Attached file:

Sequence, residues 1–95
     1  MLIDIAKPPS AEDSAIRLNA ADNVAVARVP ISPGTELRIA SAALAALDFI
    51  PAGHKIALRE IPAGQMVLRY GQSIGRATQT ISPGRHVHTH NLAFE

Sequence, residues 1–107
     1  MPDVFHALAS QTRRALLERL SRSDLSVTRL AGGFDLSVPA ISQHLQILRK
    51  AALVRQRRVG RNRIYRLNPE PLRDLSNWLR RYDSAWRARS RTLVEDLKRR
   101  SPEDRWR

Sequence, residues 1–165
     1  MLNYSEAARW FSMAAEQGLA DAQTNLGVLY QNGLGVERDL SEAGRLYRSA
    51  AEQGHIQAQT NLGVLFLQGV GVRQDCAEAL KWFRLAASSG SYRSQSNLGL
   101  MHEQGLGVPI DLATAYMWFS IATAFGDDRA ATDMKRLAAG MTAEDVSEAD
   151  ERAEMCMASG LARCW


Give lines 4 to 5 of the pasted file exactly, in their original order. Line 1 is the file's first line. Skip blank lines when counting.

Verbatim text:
Sequence, residues 1–107
     1  MPDVFHALAS QTRRALLERL SRSDLSVTRL AGGFDLSVPA ISQHLQILRK